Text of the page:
Summary Lesson 40: “Hiding Joy In Temple And Family History Work”
- Saviors on Mount Zion: On April 6, 1890, President Wilford Woodruff said, “We are called upon, as saviors on Mount Zion . . . to go forth and redeem our dead. I do not want to go into the spirit world to meet these people and have them say . . . ‘You had power to enter into these Temples to get redemption for me, but you have not done it.’ (Brian H. Stuy, Collected Discourses of Wilford Woodruff, 5 vols. Burbank, Calif., and Woodland Hills, Ut.: B.H.S. Publishing, 1987-1992)
- Passover Week – the Favorite Jewish Family Holiday: There are manuals called the “Haggadah” which often are booklets with artistic creations to capture and anchor a child’s memory. The purpose is to bring our children back to a recollection of the greatest deliverance in our history. As a believing Jew, I see a great amount of symbolism.
- Deliverer Born on Deliverance Holiday: Jesus was born during Passover. According to the biblical calendar and because Passover always occurs at the first full moon after the first day of spring, April 6, 1830, the date the Church of Jesus Christ of Latter-day Saints was organized, leads us to look at the biblical date. It was Passover that year! “. . . being one thousand eight hundred and thirty years since the coming of our Lord and Savior Jesus Christ in the flesh . . .” (Doctrine & Covenants 20:1) The Deliverer was born at the season celebrating the deliverance of Israel from Egypt and celebrating an expectation of an even greater deliverance in the future.
- Jews Anticipate Elijah: “The Sabbath before Passover . . . connects it with the . . . day on which the Israelites in Egypt set aside the lamb that they were to slaughter on the first Passover (Exodus 12:3) . . . a special haftarah, [reading from the Prophets] . . . from the Book of Malachi and referring to the day on which Elijah the Prophet will reappear as forerunner of the great day of the Lord, is read.” (Encyclopedia Judaica Jr.)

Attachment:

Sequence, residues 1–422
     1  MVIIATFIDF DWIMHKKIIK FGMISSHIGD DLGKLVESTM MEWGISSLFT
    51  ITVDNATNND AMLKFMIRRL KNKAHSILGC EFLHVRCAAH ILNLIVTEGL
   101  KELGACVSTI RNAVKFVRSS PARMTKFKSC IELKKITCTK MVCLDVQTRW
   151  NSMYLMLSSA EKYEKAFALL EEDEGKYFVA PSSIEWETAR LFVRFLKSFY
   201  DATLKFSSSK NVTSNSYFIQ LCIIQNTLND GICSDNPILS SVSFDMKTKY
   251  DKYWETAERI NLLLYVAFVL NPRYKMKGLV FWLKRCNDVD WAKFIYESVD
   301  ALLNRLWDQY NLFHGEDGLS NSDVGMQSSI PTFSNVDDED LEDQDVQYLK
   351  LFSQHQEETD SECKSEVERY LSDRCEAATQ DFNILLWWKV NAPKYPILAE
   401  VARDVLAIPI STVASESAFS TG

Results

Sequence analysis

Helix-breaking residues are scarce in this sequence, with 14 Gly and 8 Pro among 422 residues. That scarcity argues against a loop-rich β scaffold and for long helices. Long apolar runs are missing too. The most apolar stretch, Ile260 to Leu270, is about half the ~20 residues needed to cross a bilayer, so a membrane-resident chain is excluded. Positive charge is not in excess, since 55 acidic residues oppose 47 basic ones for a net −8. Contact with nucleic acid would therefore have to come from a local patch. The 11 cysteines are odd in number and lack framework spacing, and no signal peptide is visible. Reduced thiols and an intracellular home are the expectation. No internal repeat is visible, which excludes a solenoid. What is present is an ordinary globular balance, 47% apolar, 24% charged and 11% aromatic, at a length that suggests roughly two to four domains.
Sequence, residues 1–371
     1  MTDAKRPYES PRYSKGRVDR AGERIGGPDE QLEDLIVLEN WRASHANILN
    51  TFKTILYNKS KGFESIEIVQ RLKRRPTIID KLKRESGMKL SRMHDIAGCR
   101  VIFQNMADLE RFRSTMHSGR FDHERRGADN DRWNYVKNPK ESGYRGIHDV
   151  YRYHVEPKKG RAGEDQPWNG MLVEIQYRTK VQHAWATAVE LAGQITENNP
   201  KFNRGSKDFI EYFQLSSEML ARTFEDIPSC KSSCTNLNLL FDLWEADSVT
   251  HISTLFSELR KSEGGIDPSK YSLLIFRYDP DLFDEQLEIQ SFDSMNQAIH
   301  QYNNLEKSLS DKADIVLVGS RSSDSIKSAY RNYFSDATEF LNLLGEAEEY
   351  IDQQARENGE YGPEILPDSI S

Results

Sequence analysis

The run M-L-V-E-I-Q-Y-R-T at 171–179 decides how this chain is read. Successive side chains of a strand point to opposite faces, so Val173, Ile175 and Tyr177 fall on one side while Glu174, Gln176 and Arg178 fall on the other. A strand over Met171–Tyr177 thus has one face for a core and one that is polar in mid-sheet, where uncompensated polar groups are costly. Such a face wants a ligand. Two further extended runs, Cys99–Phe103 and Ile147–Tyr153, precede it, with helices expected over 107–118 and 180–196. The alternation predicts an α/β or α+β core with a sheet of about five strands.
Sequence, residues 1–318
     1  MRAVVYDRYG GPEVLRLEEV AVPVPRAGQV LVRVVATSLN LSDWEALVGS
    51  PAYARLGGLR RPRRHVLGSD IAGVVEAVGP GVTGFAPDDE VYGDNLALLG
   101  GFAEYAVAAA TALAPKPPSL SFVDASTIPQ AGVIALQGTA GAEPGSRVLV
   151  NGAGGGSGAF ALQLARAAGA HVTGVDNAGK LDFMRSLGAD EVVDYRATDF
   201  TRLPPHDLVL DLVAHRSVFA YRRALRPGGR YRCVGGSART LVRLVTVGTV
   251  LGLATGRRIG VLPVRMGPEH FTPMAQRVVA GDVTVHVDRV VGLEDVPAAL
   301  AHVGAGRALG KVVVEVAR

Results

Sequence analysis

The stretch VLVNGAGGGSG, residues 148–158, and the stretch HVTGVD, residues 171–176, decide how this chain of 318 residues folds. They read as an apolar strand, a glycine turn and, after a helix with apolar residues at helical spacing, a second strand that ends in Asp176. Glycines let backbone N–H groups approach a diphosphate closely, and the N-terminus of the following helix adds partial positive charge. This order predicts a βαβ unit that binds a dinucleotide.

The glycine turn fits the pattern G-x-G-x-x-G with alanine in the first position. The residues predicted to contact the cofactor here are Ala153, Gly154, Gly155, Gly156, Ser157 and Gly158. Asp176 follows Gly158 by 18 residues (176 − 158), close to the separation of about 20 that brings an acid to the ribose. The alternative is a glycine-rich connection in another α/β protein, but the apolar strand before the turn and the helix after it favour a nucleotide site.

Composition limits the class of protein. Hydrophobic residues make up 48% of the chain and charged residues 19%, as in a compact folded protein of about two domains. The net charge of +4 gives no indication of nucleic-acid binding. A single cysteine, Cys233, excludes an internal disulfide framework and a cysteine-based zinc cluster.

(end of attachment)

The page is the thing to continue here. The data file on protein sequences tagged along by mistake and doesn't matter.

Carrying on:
- Weekly Reminder of Deliverance: In a religious Jewish home, a weekly reminder of the first Passover is done with a “Kiddush.” The master of the house always pours the wine with an appropriate blessing, sips first, followed by everyone else sipping the wine. He breaks a piece of bread and after the appropriate blessing, eats the first piece with everyone following his example. The prayers said include a promise that in the future another deliverance would occur greater than the first Passover.
- Sacrament, a Weekly Reminder: Weekly, Latter-day Saints take a “sacrament” that consists of bread that is broken, blessed and the presiding Elder partakes first, then water (nowadays, water instead of wine) is blessed. Again the presiding authority partakes first and then everyone follows. This is done in “remembrance” of the greater deliverance provided by the Savior’s atonement. It should be considered that symbolically, the Jews take wine and bread in anticipation of a greater deliverance while Christians take bread and wine in remembrance of that great deliverance . . . a chiasmus–with the Savior’ atonement in the middle.